Sharon Man in Auto Fatality Case Pulls Guilty Plea
Carlos Garcia talks with his attorney Sandy Nelson in Windsor District Court in White River Junction in April. (Valley News - Jennifer Hauck) Purchase photo reprints »
White River Junction — A Sharon resident charged with drunk driving in a 2011 collision that killed one person and seriously injured another backed out of a hearing yesterday in which he was expected to plead guilty.
The move by Carlos Garcia, 20, whose decision to withdraw from the hearing marks the fifth time the case’s “final status conference” has been rescheduled at the defense’s request, visibly frustrated just about everyone in the courtroom and rekindles the possibility that he will go on trial next month.
“The defendant is not quite ready to proceed,” his attorney, Sandy Nelson, told Judge Robert Gerety in Windsor Superior Court yesterday. “It’s difficult, as far as emotional issues, and there may still be misunderstanding as to how the case will be resolved. Mr. Garcia wishes to change his plea, but doesn’t feel he is in a position to do it today.”
That surprise announcement provoked ire on the part of Deputy Windsor County State’s Attorney David Cahill, who said he was ready to abandon negotiations and proceed to a trial.
“This is an old case, and there have been a number of ‘final’ final status conferences in this case,” Cahill said. “The state is prepared to put Mr. Garcia to trial. We are ready for a final status conference that is actually a real final status conference.” A “status conference” is a hearing in which lawyers for both sides update the judge on how the case is progressing — whether evidence has been exchanged or depositions taken — and occurs regularly in the run up to a trial or plea deal.
In response, Gerety set a new conference date that will make any additional changes of heart difficult for Garcia because it comes only a couple days before a jury would be scheduled to be selected. The next final status conference will be on May 7. If the case doesn’t resolve, lawyers will pick a jury on May 9 and start the trial.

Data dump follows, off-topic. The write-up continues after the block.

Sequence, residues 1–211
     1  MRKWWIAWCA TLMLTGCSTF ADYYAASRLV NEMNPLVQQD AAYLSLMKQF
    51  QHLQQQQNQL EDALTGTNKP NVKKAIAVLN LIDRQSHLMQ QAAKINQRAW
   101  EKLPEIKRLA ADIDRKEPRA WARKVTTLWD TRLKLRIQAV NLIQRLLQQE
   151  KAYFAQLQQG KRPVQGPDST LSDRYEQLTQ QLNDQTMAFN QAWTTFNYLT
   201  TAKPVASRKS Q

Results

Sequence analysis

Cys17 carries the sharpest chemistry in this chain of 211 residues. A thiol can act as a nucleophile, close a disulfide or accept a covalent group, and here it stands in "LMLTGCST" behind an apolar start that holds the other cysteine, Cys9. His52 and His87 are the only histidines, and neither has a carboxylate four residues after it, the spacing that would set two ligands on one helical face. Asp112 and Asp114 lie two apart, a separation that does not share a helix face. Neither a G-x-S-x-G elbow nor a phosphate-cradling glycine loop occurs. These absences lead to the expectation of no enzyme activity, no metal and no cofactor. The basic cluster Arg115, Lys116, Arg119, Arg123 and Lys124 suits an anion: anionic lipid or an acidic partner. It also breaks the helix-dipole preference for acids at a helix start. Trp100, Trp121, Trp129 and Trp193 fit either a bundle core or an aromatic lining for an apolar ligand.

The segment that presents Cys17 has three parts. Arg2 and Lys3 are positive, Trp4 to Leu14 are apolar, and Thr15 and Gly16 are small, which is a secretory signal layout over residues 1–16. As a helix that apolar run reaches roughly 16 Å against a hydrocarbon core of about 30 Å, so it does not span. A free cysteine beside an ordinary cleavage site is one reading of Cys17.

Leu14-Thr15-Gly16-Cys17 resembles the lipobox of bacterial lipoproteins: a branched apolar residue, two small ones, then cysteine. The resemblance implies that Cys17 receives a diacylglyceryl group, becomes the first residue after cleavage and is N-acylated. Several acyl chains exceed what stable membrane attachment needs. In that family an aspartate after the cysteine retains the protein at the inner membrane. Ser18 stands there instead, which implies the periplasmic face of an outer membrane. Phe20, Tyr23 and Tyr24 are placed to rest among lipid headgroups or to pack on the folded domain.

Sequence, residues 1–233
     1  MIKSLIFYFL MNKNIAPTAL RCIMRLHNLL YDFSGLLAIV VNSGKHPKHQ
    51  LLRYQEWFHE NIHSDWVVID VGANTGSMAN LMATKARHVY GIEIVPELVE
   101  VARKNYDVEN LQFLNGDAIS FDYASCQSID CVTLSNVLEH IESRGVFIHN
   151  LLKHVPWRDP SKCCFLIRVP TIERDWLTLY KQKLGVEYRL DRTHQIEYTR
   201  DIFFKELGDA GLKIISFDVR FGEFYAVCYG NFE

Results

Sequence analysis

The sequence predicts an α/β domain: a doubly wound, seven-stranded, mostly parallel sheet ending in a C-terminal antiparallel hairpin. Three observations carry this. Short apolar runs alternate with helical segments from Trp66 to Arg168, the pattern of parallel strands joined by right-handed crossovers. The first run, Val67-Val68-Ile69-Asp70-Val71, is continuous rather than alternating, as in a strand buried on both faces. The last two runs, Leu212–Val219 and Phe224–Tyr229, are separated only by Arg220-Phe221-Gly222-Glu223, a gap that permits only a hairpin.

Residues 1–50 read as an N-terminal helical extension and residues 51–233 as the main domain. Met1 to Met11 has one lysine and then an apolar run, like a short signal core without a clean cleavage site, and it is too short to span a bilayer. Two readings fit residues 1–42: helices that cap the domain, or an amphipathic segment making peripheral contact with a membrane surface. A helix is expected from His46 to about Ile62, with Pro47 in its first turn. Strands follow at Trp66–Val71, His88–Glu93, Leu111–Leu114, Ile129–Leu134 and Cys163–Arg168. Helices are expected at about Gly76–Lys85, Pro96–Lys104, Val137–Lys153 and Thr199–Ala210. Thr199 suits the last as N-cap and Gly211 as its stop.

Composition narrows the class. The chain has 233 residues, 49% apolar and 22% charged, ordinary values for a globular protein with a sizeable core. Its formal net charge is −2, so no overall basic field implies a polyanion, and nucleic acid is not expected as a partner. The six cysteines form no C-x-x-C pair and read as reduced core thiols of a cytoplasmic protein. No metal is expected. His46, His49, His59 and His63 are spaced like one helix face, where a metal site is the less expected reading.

“We’re here pretty much every day,” Gerety said. “If we don’t have it resolved, we are going to try this case.”
Nelson said the delays in the case stem, in part, from her trouble obtaining Garcia’s juvenile court records and health records from California.
“We’re ready to go — just not today,” Nelson said.
Yesterday’s move in Windsor Superior Court marks the latest frustration for the prosecution.
Shortly after his arrest, Garcia asked to replace his court-appointed attorney: The request was rejected, but five months later, the attorney withdrew, and a new one was assigned. Three judges have presided over his case at various times. And on four separate occasions, the case’s so-called “final status conference” — in which attorneys are either supposed to strike a plea deal or settle on a trial date — has been rescheduled at the defense’s request.
According to court documents, on Oct. 13, 2011, Garcia’s blood-alcohol level was allegedly nearly three times the legal limit when he swerved into the opposite lane on Route 14, slamming into a vehicle driven by San Antonio judge Karen Crouch. Crouch suffered non-life threatening injuries, but her sister-in-law, Zyra Flores, 53, died after she was transported to Dartmouth-Hitchcock Medical Center.
Police say that Garcia was driving more than 15 mph over the speed limit and had repeatedly swerved into the southbound lane before colliding with Crouch’s Nissan Altima in front of the Sharon Fire Department.
Garcia was combative with emergency responders at the scene, police said in an affidavit. Investigators found an open container of Strawberry Lemonade Blast Colt 45, and a bottle of hydroxyzine, an antihistamine, in Garcia’s Volkswagen Bug, police said.
Garcia, who was not wearing a seat belt, suffered a fractured hip. He had moved to Vermont only weeks before the incident, according to court documents.
He faces six felony charges, including two counts of gross negligent operation, which combined carry a maximum sentence of more than 40 years in prison.
Garcia has been held in Northeast Correctional Complex in St. Johnsbury, Vt., on $50,000 bail since his arrest.
Crouch, who could not be reached for comment yesterday, and Flores were in town to attend a Vermont Law School conference on mediation, and had left the school minutes before the collision
With the case once again pending, attorneys had little to say afterward.
Nelson confirmed that Garcia still intended to reach a plea deal and avoid a trial.
“He just freaked out,” Nelson said. “He’s a young kid.”
And Cahill reaffirmed that prosecutors are prepared to put their case to a jury in May if he fails to reach a deal.
“The state has not asked for any delays in this case,” Cahill said.
Mark Davis can be reached at firstname.lastname@example.org or 603-727-3304.